Julianna is a junior double majoring in Psychology and Environmental Studies, and is apart of Psi Chi Honor Society. She is interested in childhood adversity and how it impacts later psychopathology. She is also interested in how the natural environment relates to behavior and social class. After graduation she hopes to pursue her Masters in Global Environmental Policy & Sustainability.
Micaela is an undergraduate student at Stony Brook University, majoring in Psychology with concentration in Women’s Studies and a minor in Spanish Language and Literature. In addition to working in the Social Competency and Treatment Lab on campus, Micaela is the secretary of She’s the First. After graduation, she aspires to pursue a PhD in Clinical Psychology. Her hopes for the future are to study the psychophysiological effects of intersectionality in order to influence public policy in the United States.
Suraj Bera, B.A.
Suraj graduated from Stony Brook University in 2018 with a B.A. in Psychology. He is interested in the psychopathology of anxiety and depressive disorders and developing new research-informed interventions for those disorders. He is currently a Crisis and Suicide Hotline Counselor at Response Crisis Center and a volunteer intern at Columbia University’s Clinic for Anxiety and Related Disorders. In the future, Suraj hopes to pursue a Ph.D. in Clinical Psychology.
Angela is a junior majoring in Psychology. After graduation, she wants to pursue an M.A. and/or Ph.D. in Clinical Psychology in order to become a clinical psychologist. She is also interested in becoming a psychology professor so she can be able to teach young adults about how interesting psychology is! She likes topics that have to do with personality disorders and abnormal child disorders.
Dion is a senior at Stony Brook University completing a B.S. in psychology in May 2019 on the premed track. His career goals are to become a psychiatrist and to conduct research that will help understand, diagnose, and treat psychological disorders. In his experience, mental health is something that many people take for granted in society and in their personal lives. He’s helped friends and family work and reason through their emotions since he was a kid, and he promotes people making decisions that reduce their stress. He has worked as a camp counselor for the past three summers, and each time turned his group into a close-knit family. Outside of work, he enjoys meditating to music, watching movies, exercising, and new experiences.
Simrat is a freshman at Stony Brook studying psychology and economics. In addition to being a part of the Honors College, she is a part of the Neuroscience Axis as well as the American Red Cross Club at Stony Brook. She is interested in neuroscience and understanding the psychopathology of anxiety and depression. She plans on going on to pursue a career in law after she graduates.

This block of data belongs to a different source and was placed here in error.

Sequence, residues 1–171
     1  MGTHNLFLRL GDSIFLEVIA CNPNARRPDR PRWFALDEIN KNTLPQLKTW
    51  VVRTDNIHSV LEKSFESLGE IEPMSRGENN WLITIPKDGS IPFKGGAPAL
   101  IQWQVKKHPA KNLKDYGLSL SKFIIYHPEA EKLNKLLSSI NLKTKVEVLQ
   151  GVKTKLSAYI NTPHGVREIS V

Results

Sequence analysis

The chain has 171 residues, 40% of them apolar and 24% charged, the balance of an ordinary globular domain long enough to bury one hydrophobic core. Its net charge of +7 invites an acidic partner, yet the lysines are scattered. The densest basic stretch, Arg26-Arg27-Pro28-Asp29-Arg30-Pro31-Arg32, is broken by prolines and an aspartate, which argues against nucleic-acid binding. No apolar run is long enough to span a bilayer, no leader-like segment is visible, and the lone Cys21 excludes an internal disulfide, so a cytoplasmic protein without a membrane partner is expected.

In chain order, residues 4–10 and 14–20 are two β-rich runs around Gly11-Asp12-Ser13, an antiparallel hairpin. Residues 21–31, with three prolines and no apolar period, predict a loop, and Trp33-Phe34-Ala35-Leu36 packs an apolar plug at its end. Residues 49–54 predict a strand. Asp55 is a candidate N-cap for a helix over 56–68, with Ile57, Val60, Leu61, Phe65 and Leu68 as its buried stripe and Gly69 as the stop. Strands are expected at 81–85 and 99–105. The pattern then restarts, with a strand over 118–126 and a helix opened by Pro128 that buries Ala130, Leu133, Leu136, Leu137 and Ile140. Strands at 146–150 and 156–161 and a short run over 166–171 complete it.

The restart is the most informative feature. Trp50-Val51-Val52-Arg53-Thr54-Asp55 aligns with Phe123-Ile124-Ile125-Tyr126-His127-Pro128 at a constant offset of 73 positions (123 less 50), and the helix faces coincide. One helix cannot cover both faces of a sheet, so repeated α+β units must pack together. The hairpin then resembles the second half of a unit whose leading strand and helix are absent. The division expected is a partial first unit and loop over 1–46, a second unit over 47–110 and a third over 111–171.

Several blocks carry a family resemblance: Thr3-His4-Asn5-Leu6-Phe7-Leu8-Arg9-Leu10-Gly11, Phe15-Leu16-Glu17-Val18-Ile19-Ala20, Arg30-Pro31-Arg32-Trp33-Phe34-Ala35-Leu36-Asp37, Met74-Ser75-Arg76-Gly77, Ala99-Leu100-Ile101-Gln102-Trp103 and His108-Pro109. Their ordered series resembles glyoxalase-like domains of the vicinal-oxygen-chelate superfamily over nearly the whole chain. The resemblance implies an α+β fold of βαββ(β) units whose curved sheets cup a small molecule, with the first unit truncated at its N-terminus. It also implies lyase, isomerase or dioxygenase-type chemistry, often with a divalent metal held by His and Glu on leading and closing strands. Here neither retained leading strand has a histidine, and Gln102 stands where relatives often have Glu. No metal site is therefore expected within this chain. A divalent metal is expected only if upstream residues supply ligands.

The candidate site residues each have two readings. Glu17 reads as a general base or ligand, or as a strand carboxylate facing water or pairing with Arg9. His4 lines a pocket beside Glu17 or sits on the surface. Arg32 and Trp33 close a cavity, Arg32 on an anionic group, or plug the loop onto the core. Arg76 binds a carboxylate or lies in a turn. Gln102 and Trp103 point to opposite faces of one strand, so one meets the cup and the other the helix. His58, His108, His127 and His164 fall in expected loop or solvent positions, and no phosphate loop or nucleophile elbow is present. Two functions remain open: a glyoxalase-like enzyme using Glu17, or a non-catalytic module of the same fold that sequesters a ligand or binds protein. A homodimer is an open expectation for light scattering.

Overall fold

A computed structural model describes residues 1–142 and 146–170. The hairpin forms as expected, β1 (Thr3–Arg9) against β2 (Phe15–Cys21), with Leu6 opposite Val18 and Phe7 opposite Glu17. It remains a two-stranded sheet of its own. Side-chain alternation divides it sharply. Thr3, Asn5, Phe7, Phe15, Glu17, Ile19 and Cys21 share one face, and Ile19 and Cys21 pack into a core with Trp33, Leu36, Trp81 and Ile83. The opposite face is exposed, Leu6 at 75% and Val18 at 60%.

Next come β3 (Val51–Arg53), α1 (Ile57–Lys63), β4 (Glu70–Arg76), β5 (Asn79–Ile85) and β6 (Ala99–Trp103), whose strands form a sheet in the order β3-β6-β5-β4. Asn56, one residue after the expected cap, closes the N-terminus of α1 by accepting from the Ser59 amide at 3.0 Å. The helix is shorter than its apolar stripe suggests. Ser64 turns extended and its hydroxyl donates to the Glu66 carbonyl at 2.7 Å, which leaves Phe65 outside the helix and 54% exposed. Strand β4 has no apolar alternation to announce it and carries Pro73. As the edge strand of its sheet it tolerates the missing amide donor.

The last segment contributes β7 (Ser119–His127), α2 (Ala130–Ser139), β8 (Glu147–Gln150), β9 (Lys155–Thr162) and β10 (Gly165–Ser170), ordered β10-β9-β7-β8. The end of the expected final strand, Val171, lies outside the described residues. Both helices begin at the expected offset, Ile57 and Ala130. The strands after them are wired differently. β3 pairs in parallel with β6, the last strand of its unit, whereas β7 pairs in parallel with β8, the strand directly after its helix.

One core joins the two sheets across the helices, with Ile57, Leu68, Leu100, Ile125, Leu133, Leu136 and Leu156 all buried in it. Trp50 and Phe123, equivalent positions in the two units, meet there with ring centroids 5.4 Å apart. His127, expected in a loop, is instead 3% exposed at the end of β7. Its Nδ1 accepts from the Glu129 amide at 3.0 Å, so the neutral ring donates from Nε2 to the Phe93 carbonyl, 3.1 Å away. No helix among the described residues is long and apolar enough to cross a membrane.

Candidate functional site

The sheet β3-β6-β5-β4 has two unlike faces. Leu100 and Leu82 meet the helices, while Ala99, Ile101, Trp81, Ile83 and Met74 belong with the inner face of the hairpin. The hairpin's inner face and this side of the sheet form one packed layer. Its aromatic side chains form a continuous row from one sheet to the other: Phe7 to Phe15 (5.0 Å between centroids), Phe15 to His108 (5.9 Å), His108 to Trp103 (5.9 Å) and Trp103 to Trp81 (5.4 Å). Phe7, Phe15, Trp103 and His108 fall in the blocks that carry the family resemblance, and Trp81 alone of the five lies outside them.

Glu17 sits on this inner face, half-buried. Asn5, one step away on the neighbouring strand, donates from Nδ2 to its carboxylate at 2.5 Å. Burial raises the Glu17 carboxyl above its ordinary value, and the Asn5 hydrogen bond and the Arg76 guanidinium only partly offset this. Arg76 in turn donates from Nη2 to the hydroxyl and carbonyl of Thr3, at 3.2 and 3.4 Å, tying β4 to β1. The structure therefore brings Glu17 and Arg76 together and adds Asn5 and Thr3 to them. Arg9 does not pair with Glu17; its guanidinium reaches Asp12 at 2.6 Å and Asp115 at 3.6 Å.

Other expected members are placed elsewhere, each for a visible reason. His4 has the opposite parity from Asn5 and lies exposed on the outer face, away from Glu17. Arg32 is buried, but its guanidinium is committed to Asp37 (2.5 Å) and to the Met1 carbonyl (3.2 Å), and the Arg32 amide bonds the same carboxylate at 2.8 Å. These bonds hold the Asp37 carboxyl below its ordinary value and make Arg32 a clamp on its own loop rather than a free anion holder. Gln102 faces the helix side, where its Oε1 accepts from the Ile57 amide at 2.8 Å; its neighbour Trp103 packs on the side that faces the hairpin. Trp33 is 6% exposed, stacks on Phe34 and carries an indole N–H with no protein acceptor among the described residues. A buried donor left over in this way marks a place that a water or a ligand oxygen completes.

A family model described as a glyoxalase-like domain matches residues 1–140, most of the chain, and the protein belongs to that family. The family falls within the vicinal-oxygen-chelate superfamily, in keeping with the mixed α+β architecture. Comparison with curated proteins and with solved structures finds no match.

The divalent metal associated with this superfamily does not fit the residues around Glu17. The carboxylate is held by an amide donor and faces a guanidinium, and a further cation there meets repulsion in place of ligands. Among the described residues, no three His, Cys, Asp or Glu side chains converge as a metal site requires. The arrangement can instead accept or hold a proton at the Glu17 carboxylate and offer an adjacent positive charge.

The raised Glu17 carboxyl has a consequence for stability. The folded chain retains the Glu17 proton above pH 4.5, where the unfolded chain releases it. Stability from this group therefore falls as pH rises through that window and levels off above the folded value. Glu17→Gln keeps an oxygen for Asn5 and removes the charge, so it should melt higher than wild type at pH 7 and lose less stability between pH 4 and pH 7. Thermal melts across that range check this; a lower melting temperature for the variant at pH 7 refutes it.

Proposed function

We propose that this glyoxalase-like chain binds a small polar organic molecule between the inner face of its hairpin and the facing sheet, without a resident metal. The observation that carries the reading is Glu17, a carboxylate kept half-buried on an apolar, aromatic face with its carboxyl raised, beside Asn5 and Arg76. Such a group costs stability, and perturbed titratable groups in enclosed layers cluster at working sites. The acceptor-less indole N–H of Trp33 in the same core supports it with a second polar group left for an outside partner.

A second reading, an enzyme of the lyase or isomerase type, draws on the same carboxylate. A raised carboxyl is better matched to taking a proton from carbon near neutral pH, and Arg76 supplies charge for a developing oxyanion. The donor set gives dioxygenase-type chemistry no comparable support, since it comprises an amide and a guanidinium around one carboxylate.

Amirah is a junior at Stony Brook University studying Clinical Laboratory Sciences. She is a member of the University Scholar Program and the National Honor Society of Leadership and Success. Additionally, she is the secretary of Forensics club and the PR for Biochem society. She enjoys learning about abnormal psychology in her free time. Ultimately, she is interested in attending medical school and pursuing a career in pathology.
Joy is a senior at Stony Brook University planning to graduate with a B.A. in Psychology. She is interested in a wide variety of themes within the field of psychology, but more specifically the epidemiology, etiology, and treatments of geriatric mental illness. In the future, she hopes to attend graduate school and apply her passions in a way that can help others.
Adina is a junior psychology major at stony brook. She hopes to pursue a PhD in Clinical Psychology, would like to work with psychopathology in the future. She is an Orientation leader, and helps welcome new students every summer.
Chloe is a junior at Stony Brook University currently studying Biochemistry. She is a part of the Undergraduate Biochemistry Society and volunteers at Stony Brook’s Children’s Hospital. She enjoys learning about the different psychopathology in this lab, such as anxiety and depression. In the future, she is interested in pursuing research in childhood cancer and aspires to become a pediatric oncologist.
Laura is a sophomore at Stony Brook University working towards a BS in psychology. She is also a member of the University Scholars Program. Her primary interest is language acquisition and in her free time, she enjoys studying other languages, such as German and Korean. In the future, she wishes to attend graduate school for cognitive neuroscience.
Diksha is in her third year as a Psychology major. She is a part of the Sigma Alpha Pi honor society, on the executive board for Harry Potter club and has been a part of multiple dance teams on campus. She plans on going to grad school and eventually earning her PhD specializing in forensic psychology.